Town is first in county to privatize service long provided by Highway Department
Town of Port Washington officials on Monday voted unanimously to hire a private contractor to plow and salt town roads this winter, becoming the first township in the county to privatize winter road maintenance.
The Town Board received two bids from private contractors for the service, and opted to hire Dave’s Excavation and Grading of the Town of Port to handle the roadwork from Jan. 1 through May 1 instead of relying on the Ozaukee County Highway Department for snowplowing.
Officials said they were persuaded by the promise of considerable savings and the company’s pledge to meet the town’s requirement that roads be passable by 5 a.m. and clean by 7 a.m. after snowfalls.
“I’m about the money,” Town Supr. Mike Didier said. “It’s just so much cheaper, we can’t not do it.
“It’s mind boggling how a for-profit enterprise can cost so much less than a for-cost operation.”
The bid submitted by Dave’s Excavation calls for the town to pay $87 an hour for the use of a five-yard dump truck with an 11-foot plow and $102 an hour for a 3.5-yard loader with an 11-foot plow. The town will also pay 15 cents a pound for salt applied to the roads.
The other bid, from Jim’s Maintenance Service of Grafton, called for charges of between $90 and $105 an hour for plowing and $80 an hour for salting.
In both cases, the town would purchase the salt used, officials agreed. This will be cheaper than having the contractor do it, they said, because the town doesn’t pay sales tax and it can purchase the salt at the state contract price, which is less than private firms pay.
Those bids are significantly less than the price charged by the county, which averages $165 an hour, Town Chairman Jim Melichar said.
“When we get bids like this, where can we go wrong?” he asked.
Ozaukee County Public Works Director Bob Dreblow could not be reached for comment.
However, Dreblow said last month that if the towns privatize their winter road maintenance, they can’t depend on the county to help out if things don’t work out.
“Towns need to keep in mind that if they contract with private providers, we’ll have to downsize personnel and equipment and there’s no going back,” Dreblow told Ozaukee Press. “Towns will really be on their own. We won’t have the resources to help them.”
Ozaukee County provides plowing services for all the county townships except the Town of Cedarburg, which has its own road department.
Dreblow also noted that the county has full-time mechanics and a significant amount of equipment, including huge vee plows used to break up drifts and a large snow-thrower that private contractors don’t usually have.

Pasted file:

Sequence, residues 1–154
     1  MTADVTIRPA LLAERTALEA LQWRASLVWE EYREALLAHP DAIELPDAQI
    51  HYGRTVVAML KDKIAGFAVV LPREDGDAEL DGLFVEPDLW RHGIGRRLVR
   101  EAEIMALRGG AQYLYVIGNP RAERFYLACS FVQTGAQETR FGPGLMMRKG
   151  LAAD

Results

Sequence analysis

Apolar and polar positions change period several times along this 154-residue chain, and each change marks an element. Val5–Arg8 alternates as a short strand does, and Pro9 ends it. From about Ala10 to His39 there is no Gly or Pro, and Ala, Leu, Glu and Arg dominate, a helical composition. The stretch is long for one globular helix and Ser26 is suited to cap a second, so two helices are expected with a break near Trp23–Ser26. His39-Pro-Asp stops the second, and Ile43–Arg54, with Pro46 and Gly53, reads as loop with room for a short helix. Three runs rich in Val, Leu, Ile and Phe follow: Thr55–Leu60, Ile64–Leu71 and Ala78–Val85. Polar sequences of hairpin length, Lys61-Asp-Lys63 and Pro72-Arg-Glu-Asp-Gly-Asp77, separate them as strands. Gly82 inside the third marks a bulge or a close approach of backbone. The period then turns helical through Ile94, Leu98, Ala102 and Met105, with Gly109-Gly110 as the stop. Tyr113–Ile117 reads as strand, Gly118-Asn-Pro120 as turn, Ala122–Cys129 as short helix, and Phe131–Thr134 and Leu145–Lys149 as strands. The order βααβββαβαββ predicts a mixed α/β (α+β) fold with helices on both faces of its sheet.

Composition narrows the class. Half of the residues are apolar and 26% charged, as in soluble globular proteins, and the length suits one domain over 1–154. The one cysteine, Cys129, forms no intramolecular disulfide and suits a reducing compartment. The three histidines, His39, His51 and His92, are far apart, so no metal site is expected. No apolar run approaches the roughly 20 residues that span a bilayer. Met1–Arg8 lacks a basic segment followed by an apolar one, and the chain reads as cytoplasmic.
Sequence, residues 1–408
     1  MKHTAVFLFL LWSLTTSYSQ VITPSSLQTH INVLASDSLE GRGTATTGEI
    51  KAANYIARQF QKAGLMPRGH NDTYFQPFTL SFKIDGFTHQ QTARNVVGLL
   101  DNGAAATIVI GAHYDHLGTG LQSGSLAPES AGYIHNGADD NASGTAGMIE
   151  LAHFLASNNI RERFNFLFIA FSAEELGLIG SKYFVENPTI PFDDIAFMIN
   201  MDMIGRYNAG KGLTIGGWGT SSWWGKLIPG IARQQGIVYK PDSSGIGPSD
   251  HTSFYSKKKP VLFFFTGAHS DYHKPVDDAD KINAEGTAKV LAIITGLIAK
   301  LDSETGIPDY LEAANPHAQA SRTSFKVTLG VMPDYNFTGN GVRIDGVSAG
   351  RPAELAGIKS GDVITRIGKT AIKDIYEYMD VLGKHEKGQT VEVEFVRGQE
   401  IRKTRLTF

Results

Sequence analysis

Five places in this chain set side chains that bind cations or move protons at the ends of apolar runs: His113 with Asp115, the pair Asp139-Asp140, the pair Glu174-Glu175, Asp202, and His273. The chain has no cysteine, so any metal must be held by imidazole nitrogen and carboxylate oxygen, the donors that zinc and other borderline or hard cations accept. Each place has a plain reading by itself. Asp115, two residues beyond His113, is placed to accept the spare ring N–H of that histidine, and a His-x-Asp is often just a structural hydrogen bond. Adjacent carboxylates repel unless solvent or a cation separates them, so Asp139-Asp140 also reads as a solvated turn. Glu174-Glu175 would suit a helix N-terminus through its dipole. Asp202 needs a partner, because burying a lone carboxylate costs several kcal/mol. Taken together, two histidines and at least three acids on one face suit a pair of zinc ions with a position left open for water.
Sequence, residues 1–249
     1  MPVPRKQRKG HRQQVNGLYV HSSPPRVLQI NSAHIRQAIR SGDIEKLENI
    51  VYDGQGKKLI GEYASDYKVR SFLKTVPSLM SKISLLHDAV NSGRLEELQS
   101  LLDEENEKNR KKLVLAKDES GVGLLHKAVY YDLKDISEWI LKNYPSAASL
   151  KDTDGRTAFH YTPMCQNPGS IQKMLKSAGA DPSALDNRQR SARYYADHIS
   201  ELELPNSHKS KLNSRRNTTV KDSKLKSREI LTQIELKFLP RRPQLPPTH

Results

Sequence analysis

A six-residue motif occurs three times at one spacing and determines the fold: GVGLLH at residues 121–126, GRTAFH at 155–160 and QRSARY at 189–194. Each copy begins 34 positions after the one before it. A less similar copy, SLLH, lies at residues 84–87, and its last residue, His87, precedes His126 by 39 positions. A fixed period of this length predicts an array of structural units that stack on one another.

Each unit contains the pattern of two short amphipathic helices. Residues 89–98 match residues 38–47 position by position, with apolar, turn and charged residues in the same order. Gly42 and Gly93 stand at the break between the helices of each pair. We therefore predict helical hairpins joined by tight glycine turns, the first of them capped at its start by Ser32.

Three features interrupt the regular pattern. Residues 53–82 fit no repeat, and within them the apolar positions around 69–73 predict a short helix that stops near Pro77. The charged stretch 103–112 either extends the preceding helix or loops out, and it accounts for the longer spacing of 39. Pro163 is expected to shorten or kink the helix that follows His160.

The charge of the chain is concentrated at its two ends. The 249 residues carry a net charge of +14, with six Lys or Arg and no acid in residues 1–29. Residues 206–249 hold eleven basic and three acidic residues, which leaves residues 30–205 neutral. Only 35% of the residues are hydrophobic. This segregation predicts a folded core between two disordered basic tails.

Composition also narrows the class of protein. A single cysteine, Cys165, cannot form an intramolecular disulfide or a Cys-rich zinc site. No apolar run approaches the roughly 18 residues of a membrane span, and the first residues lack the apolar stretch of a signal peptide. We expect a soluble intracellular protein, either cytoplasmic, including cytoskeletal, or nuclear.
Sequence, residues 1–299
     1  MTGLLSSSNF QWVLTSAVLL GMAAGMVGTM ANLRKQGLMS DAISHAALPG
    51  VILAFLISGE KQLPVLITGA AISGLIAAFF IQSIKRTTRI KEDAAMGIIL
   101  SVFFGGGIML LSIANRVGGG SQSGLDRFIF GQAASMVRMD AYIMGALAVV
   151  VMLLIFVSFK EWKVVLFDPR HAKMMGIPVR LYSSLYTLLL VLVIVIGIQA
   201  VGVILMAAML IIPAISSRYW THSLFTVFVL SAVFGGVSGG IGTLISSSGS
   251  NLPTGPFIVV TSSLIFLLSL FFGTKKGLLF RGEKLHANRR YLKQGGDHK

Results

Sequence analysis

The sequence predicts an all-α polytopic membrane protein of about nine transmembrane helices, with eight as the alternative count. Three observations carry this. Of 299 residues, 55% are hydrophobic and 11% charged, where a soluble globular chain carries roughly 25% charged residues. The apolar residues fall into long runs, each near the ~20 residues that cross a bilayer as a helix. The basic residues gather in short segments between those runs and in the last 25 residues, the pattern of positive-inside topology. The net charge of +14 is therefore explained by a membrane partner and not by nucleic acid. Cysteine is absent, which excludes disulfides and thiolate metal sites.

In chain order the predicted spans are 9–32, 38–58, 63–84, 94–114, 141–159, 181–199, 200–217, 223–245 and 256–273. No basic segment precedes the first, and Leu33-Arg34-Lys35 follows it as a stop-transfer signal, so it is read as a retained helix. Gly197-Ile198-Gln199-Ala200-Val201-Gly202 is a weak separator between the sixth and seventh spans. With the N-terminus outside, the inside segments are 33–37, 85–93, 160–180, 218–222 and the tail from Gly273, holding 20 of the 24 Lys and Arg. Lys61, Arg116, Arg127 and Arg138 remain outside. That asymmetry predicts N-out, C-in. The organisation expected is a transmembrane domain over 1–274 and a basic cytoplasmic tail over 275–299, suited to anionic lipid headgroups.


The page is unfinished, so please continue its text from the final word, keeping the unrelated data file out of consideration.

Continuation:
The town generally budgets about $55,000 for snow and ice removal, officials said, noting the average cost per winter is probably about $45,000.
Part of the reason the county’s fee is so high is the fact it pays overtime for drivers who work before 7 a.m. and after 4 p.m., Melichar said.
“Act 10 is supposed to change that, but we don’t have any confirmation of that,” he said.
The county also charges the town a storage fee for equipment and a fee to assemble its bill, he said.
By privatizing the snow removal work, the town will better be able to hold someone accountable when roads aren’t cleared, Town Supr. Jim Rychtik said.
Both he and Melichar said they have received numerous calls in winter from people who need to get to work but can’t because their road isn’t clear by the time they need to leave.
But while Dave’s Excavating will clear the 22 miles of town roads early in the day, the Ozaukee County Highway Department will still be responsible for plowing county highways such as highways H, KW, KK and B, officials said.
“We can plow the town roads, but if you can’t get through the county roads, what does it help?” Melichar asked.
Town roads come last on the county’s priority list, officials said. The county is obligated to plow state roads first, then county highways and then town roads.
Didier expressed surprise that no one in the audience asked that the town continue its contract with the county.
“I think everybody’s just interested in saving money,” one man said. “Saving money and getting the same service — it’s a win-win.”
One resident expressed concern that neither of the bids listed a cost for trucks with wing plows, something he said is needed.
“If he needs it, he’ll buy it,” Didier said. “That’s what the private sector does.”
And while Dreblow last month touted the fact the county’s equipment will plow ahead of ambulance and rescue squads when needed, Didier said that the City of Port Street Department crews typically plow for emergency vehicles during snowstorms.
Melichar said he also received a call from someone asking how the contractors would handle the situation if their equipment broke down, suggesting the town should consider hiring a back-up firm.
Dave Bley of Dave’s Excavation said he has an agreement with another contractor who will back him up if needed.